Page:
The virtual event will feature a conversation between the honorees and Director General of the Foreign Service Ambassador Carol Z. Perez, with introductory remarks by Acting Director of the Foreign Service Institute Ambassador Julieta Valls Noyes, Acting Assistant Secretary of the Bureau of Diplomatic Security Todd J. Brown, and Principal Deputy Assistant Secretary of the Bureau of Near Eastern Affairs Joey Hood.

The “Heroes of U.S. Diplomacy” initiative highlights the stories of modern-day “Heroes Among Us,” alongside heroic figures from our Department’s rich history.  These individuals displayed sound policy judgment along with intellectual, moral, and/or physical courage while advancing the Department of State’s mission and elevating U.S. diplomacy.  For questions about the initiative, direct your inquiries to HeroesofDiplomacy@state.gov or visit www.state.gov/HeroesofUSDiplomacy.

This event will take place live on YouTube.  For more information please contact the State Department Office of Press Relations at 202-647-2492.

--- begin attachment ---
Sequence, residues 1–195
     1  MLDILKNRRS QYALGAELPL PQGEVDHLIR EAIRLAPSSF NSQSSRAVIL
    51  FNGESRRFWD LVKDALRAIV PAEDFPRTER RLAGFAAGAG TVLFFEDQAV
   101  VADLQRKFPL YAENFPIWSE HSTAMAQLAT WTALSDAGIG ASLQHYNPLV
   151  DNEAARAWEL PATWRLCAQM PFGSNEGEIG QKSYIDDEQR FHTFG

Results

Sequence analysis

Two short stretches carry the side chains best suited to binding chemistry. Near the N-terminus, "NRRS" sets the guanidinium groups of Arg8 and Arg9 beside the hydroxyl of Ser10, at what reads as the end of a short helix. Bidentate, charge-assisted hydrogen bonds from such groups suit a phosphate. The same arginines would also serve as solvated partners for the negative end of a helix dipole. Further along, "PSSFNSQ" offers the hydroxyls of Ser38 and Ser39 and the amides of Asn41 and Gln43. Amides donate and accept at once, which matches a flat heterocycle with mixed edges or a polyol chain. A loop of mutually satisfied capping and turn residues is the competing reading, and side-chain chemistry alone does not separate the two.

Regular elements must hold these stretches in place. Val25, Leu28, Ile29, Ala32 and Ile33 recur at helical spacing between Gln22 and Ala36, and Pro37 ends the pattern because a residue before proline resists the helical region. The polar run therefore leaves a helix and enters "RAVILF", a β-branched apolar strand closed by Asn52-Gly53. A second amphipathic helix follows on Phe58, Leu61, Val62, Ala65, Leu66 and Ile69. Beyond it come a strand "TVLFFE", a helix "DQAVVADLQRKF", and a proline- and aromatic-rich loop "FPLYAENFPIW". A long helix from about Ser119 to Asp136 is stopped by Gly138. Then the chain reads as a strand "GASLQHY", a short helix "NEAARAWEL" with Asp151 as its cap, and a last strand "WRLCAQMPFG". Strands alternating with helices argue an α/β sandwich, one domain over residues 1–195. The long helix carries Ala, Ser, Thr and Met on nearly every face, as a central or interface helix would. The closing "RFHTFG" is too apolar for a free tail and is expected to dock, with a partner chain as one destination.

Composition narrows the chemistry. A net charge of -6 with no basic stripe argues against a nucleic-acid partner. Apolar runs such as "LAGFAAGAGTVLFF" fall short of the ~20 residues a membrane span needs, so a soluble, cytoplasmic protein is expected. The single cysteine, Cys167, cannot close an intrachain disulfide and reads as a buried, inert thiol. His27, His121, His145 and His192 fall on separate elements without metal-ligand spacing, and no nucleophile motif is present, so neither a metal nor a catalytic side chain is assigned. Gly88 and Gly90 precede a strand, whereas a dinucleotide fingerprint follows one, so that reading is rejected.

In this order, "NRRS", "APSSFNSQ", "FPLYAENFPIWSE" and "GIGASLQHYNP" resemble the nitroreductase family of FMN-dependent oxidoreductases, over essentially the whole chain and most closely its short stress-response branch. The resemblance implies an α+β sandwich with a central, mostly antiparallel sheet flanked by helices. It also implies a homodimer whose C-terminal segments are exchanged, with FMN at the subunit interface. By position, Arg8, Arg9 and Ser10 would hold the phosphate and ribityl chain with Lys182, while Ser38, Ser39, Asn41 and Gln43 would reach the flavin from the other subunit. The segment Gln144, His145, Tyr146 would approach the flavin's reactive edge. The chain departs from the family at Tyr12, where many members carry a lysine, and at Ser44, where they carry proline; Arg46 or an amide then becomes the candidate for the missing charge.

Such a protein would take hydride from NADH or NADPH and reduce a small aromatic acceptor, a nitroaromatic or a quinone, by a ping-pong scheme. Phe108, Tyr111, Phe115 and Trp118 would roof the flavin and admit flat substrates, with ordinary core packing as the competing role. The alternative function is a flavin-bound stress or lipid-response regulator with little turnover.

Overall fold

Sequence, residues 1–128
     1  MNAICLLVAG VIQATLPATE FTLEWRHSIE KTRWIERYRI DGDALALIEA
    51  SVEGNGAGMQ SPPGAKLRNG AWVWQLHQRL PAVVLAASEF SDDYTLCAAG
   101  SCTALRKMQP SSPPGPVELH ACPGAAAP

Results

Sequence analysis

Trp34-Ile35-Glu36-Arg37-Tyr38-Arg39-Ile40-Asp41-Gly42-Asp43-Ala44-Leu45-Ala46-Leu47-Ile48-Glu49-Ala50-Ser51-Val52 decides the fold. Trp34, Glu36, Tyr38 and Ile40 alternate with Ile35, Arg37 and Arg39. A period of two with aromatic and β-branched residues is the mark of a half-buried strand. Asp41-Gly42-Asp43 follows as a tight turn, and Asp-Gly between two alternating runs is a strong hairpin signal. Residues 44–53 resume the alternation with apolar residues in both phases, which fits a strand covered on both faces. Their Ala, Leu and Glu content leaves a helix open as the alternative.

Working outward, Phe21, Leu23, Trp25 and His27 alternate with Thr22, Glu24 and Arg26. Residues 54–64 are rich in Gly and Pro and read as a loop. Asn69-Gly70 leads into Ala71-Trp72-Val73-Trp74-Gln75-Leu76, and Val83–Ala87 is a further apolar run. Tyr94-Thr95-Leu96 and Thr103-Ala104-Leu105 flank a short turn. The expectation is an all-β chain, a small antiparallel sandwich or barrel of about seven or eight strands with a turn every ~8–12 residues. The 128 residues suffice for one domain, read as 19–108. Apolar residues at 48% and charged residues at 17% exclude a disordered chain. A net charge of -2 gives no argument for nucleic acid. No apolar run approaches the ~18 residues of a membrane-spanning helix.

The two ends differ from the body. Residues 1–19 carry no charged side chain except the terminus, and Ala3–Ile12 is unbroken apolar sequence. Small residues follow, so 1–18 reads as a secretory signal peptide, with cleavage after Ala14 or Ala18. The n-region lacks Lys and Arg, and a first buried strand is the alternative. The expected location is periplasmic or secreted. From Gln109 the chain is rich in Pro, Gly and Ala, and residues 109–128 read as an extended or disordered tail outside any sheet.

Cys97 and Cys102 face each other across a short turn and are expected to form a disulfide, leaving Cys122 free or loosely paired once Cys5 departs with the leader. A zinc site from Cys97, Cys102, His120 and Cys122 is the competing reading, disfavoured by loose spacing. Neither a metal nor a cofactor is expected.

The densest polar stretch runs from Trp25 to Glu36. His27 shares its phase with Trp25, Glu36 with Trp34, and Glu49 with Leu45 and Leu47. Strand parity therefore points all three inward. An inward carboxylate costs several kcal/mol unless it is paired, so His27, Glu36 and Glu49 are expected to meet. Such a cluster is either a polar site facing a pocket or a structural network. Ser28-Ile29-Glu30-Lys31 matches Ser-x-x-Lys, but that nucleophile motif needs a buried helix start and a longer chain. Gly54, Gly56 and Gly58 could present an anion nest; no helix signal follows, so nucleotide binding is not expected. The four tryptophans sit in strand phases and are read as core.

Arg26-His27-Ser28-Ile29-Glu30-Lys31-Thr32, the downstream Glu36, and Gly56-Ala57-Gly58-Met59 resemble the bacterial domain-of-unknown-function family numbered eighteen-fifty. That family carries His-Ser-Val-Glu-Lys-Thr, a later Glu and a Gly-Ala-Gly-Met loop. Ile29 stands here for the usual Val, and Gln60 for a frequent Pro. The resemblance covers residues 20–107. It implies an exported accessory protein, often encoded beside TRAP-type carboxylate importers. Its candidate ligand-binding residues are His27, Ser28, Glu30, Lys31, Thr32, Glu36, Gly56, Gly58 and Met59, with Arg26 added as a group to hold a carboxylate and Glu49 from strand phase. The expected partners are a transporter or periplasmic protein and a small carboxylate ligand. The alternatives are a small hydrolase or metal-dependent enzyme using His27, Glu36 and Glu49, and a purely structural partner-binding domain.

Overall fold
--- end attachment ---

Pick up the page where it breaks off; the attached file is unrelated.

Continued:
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    Fifth-generation (5G) wireless networks promise to provide significantly greater speeds and higher capacity to accommodate more devices. In addition, 5G networks are expected to be more flexible, reliable, and secure than existing cellular networks. The figure compares 4G and 5G performance goals along three of several performance measures. Note: Megabits per second (Mbps) is a measure of the rate at which data is transmitted, milliseconds (ms) is a measure of time equal to one thousandth of a second, and square kilometer (km²) is a measure of area. As with previous generations of mobile wireless technology, the full performance of 5G will be achieved gradually as networks evolve over the next decade. Deployment of 5G network technologies in the U.S. began in late 2018, and these initial 5G networks focus on enhancing mobile broadband. These deployments are dependent on the existing 4G core network and, in many areas, produced only modest performance improvements. To reach the full potential of 5G, new technologies will need to be developed. International bodies that have been involved in defining 5G network specifications will need to develop additional 5G specifications and companies will need to develop, test, and deploy these technologies. GAO identified the following challenges that can hinder the performance or usage of 5G technologies in the U.S. GAO developed six policy options in response to these challenges, including the status quo. They are presented with associated opportunities and considerations in the following table. The policy options are directed toward the challenges detailed in this report: spectrum sharing, cybersecurity, privacy, and concern over possible health effects of 5G technology. Policy options to address challenges to the performance or usage of U.S. 5G wireless networks Policy Option Opportunities Considerations Spectrum-sharing technologies (report p. 47) Policymakers could support research and development of spectrum sharing technologies. Could allow for more efficient use of the limited spectrum available for 5G and future generations of wireless networks. It may be possible to leverage existing 5G testbeds for testing the spectrum sharing technologies developed through applied research. Research and development is costly, must be coordinated and administered, and its potential benefits are uncertain. Identifying a funding source, setting up the funding mechanism, or determining which existing funding streams to reallocate will require detailed analysis. Coordinated cybersecurity monitoring (report p. 48) Policymakers could support nationwide, coordinated cybersecurity monitoring of 5G networks. A coordinated monitoring program would help ensure the entire wireless ecosystem stays knowledgeable about evolving threats, in close to real time; identify cybersecurity risks; and allow stakeholders to act rapidly in response to emerging threats or actual network attacks. Carriers may not be comfortable reporting incidents or vulnerabilities, and determinations would need to be made about what information is disclosed and how the information will be used and reported. Cybersecurity requirements (report p. 49) Policymakers could adopt cybersecurity requirements for 5G networks. Taking these steps could produce a more secure network. Without a baseline set of security requirements the implementation of network security practices is likely to be piecemeal and inconsistent. Using existing protocols or best practices may decrease the time and cost of developing and implementing requirements. Adopting network security requirements would be challenging, in part because defining and implementing the requirements would have to be done on an application-specific basis rather than as a one-size-fits-all approach. Designing a system to certify network components would be costly and would require a centralized entity, be it industry-led or government-led. Privacy practices (report p. 50) Policymakers could adopt uniform practices for 5G user data. Development and adoption of uniform privacy practices would benefit from existing privacy practices that have been implemented by states, other countries, or that have been developed by federal agencies or other organizations. Privacy practices come with costs, and policymakers would need to balance the need for privacy with the direct and indirect costs of implementing privacy requirements. Imposing requirements can be burdensome, especially for smaller entities. High-band research (report p. 51) Policymakers could promote R&D for high-band technology. Could result in improved statistical modeling of antenna characteristics and more accurately representing propagation characteristics. Could result in improved understanding of any possible health effects from long-term radio frequency exposure to high-band emissions. Research and development is costly and must be coordinated and administered, and its potential benefits are uncertain. Policymakers will need to identify a funding source or determine which existing funding streams to reallocate. Status quo (report p. 52) Some challenges described in this report may be addressed through current efforts. Some challenges described in this report may remain unresolved, be exacerbated, or take longer to resolve than with intervention. GAO was asked to assess the technologies associated with 5G and their implications. This report discusses (1) how the performance goals and expected uses are to be realized in U.S. 5G wireless networks, (2) the challenges that could affect the performance or usage of 5G wireless networks in the U.S., and (3) policy options to address these challenges. To address these objectives, GAO interviewed government officials, industry representatives, and researchers about the performance and usage of 5G wireless networks. This included officials from seven federal agencies; the four largest U.S. wireless carriers; an industry trade organization; two standards bodies; two policy organizations; nine other companies; four university research programs; the World Health Organization; the National Council on Radiation Protection and Measurements; and the chairman of the Defense Science Board's 5G task force. GAO reviewed technical studies, industry white papers, and policy papers identified through a literature review. GAO discussed the challenges to the performance or usage of 5G in the U.S. during its interviews and convened a one-and-a-half day meeting of 17 experts from academia, industry, and consumer groups with assistance from the National Academies of Sciences, Engineering, and Medicine. GAO received technical comments on a draft of this report from six federal agencies and nine participants at its expert meeting, which it incorporated as appropriate. For more information, contact Hai Tran at (202) 512-6888, tranh@gao.gov or Vijay A. D’Souza at (202) 512-6240, dsouzav@gao.gov.